Woodworking: Long, long ago: How the show went on, small town by small townI recently had the pleasure of being a judge on a panel that read the entries submitted in the River Falls Reads essay contest. I enjoyed every one of them.
By: Dave Wood, columnist, River Falls Journal
I recently had the pleasure of being a judge on a panel that read the entries submitted in the River Falls Reads essay contest. I enjoyed every one of them.
One that sticks in my mind was from a woman who grew up in a small town that had no movie theatre.
That’s pretty common nowadays, but back in the fifties almost every town that was a town had what we called “a show house.”
In my hometown, Whitehall, it was The Pix, a fairly glossy place erected just before World War II.
It had art deco characteristics, two aisles, a crying room for babies and even a row of plug-in amplifiers for the hard of hearing.
To say that most of us kids lived there would not be an exaggeration.
Some of the movies shown were of “B” and sometimes “C” stature. These are movies I like to watch to this day on channels like TCM.
But the woman who wrote about what they watched in the tiny town where she grew up brought back fond memories of small towns that were so small they had no “show house.”
What they did have that we lacked in Whitehall was “free show.” She described it beautifully.
Once a week, a giant white sheet would be tacked up on one of the town’s biggest buildings, and at night families would “go to show.” That’s what they called it, “go to show.”
Folks would drive into town after the cursed milking and watch a movie shown on the white sheet.
The experience never faded in the essayist’s memory. She says when she went off to college, her dorm mates would kid her when she suggested that they all “go to show.”
Just up Hwy. 53 from Whitehall was feisty little Pigeon Falls, population 200.
Pigeon Falls had two bars: The Dew Drop Inn and Dresselhaus’s, a barber shop, a bank, a general store and, of course, two Lutheran churches, “Upper” and “Lower,” which had resulted from one of the several crises suffered by that denomination in the 19th century.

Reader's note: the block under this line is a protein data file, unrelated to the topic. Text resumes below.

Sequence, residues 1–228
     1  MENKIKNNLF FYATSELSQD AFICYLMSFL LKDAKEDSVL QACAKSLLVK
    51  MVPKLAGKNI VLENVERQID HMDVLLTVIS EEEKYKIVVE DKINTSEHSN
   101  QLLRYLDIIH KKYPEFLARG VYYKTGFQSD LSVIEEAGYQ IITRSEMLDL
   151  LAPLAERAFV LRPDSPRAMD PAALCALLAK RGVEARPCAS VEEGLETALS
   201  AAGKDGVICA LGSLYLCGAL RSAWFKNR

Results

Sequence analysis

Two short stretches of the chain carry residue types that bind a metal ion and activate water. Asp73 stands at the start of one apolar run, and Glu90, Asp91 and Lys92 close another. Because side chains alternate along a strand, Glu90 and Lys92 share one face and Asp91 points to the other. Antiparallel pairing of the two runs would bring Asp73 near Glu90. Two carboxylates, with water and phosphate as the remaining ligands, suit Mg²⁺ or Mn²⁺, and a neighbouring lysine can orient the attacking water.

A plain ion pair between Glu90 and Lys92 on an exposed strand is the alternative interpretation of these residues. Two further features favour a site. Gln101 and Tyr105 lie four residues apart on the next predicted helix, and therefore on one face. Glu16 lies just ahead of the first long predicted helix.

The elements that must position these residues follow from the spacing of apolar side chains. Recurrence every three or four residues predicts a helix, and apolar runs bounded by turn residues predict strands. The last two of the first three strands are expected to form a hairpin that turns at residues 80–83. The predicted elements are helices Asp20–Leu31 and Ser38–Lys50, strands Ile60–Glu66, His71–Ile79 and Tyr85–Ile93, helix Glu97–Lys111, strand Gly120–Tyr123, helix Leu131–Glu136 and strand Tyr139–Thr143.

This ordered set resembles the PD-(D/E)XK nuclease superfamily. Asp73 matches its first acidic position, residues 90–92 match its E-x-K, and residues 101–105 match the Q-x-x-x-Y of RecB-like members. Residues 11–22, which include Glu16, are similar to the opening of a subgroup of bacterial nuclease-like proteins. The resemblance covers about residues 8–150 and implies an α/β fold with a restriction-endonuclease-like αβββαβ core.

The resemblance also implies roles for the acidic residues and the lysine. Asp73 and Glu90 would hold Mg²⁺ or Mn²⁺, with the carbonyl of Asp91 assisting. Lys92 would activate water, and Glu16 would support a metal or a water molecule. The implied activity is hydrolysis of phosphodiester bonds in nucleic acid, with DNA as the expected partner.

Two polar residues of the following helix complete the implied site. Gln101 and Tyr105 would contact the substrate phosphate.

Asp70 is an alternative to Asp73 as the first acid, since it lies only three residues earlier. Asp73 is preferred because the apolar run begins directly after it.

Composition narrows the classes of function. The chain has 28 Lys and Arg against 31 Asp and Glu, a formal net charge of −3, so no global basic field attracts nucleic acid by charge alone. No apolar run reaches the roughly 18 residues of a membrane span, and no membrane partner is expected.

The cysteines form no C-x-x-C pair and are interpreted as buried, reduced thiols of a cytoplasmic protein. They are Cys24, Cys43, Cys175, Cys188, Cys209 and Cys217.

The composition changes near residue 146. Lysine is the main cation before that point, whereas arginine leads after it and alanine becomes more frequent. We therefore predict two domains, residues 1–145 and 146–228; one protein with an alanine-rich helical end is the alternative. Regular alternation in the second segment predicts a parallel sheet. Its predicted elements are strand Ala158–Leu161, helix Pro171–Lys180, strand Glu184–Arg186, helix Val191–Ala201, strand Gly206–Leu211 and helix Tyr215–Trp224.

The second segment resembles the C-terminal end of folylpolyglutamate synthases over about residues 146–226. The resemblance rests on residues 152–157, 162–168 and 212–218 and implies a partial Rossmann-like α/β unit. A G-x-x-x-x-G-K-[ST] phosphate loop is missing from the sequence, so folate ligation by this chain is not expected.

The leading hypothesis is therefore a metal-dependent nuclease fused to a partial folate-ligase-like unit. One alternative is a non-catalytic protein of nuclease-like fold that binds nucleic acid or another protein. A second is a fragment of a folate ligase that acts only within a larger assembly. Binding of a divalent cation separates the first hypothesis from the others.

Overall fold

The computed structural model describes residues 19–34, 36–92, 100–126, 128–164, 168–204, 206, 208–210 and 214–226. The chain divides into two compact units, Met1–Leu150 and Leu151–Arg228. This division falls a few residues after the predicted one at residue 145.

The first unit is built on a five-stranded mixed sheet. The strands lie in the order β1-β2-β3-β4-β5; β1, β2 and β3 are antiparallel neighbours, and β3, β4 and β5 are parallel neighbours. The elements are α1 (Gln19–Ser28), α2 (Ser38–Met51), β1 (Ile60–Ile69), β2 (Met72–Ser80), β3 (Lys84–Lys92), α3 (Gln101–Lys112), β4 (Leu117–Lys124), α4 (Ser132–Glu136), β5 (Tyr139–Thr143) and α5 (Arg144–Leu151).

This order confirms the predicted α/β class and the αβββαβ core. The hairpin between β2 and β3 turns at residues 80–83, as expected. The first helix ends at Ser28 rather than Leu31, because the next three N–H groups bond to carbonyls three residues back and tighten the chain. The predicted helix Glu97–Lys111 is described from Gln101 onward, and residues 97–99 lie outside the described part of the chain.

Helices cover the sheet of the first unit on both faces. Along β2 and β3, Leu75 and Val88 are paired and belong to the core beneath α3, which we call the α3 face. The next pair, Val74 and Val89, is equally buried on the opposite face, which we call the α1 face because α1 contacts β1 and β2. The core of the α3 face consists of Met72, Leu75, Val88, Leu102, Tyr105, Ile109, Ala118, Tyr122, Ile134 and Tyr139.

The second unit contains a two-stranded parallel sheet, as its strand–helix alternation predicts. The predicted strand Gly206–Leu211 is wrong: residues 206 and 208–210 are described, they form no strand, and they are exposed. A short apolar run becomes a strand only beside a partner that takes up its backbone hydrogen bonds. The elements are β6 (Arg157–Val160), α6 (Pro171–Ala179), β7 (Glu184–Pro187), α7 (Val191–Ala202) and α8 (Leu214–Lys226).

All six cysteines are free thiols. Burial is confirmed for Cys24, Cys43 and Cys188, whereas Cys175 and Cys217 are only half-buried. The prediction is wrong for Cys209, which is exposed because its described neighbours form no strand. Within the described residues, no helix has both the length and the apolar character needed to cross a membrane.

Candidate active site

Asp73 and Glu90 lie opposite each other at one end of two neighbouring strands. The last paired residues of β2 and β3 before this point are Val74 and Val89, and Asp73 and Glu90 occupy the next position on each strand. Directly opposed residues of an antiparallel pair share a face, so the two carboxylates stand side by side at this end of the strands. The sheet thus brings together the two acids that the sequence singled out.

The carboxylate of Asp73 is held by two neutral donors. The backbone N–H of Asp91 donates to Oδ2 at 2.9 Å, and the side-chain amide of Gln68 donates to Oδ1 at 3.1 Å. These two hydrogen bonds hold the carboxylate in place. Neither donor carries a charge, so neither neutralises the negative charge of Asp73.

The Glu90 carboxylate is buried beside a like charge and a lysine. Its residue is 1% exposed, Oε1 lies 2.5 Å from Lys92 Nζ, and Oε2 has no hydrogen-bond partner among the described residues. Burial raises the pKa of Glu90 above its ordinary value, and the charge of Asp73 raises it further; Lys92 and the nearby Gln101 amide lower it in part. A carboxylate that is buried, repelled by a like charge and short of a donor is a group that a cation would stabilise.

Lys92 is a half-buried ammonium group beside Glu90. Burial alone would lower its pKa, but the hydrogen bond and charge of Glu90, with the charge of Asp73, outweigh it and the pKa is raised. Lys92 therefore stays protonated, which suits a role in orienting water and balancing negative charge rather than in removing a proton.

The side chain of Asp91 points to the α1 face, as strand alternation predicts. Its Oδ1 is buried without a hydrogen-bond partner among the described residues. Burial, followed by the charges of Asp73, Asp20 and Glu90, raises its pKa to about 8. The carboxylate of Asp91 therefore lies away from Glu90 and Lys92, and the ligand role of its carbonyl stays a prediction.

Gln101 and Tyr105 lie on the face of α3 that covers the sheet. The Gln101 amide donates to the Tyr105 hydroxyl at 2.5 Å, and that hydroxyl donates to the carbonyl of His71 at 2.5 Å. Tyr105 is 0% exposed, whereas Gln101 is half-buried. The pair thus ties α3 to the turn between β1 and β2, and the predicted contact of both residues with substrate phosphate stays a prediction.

But no “show house.”
So every Saturday night all summer long, the local merchants tacked a big white sheet on a bare wall of P. Ekern General Store. When the sun went down, the ’38 Chevies and Model A Fords would journey in from the coulees.
The men, dressed in bib overalls, starched white shirts, “suitcoats” and fedoras would head for the bars, their wives to P. Ekern, which advertised itself as a “Trading Post Since 1870.”
And the kids spread out blankets on the lawn to watch a flickering “C” movie or maybe even a “D.” They would be joined by their mothers after shopping was completed.
Once we kids in Whitehall got old enough to drive, we headed for Pigeon Falls to what we called “freeshow.”
“Freeshow” was way more fun than the Pix because we could run around during the movie and flirt with the girls and maybe even convince an older fellow to buy us a six pack of Leinenkugel’s.
Once in a while we even watched the movie.
I even recall seeing a good movie once. Not a Leon Errol comedy. Not the irritating voice-over of a Pete Smith Specialties episode.
But a real movie called “Gentleman Jim,” a movie about the boxer Jim Corbett, played by Errol Flynn, with Ward Bond as John L. Sullivan.
I just looked it up in my movie guide to find out it was made in 1942, so it was only ten years old. And according to Leonard Maltin it was Flynn’s favorite role.
How did little Pigeon Falls manage that?
Each summer I spent a week with my aunt, uncle and cousin in Coon Valley, which was a 400-soul mega-village below La Crosse.
It also had two saloons and two churches — one Catholic and one Lutheran — which got along better than the two churches in Pigeon Falls. And because of the town’s metropolitan nature it featured a “freeshow” more elaborate than Pigeon Falls.
On Wednesdays the city fathers would tack up a huge white sheet on the bare wall of Uncle Ray Ringstad’s lumberyard. And after the cursed milking and, in Vernon County, tobacco suckering, the Chevies and the Fords would roll in from the coulees.
The men would head for the Fjord Bar, the women to the grocery store and we kids spread our blankets to enjoy the double feature. That’s right, a double feature.
Over the years I’ve met a lot of cinema buffs and no one I’ve ever talked to saw the movie I saw 65 years ago in Coon Valley. It was a murder mystery and featured the Bobbsey Twins, my favorite literary series for kids.
I’ve looked for references to it in all my film books and never found it.
I’ve seen Nancy Drew movies starring Bonita Granville, but no Bobbsey Twins. So I feel fortunate to have actually seen a movie my associates have not.
Hats off to “freeshow.”
Dave would like to hear from you. Phone him at 715-426-9554.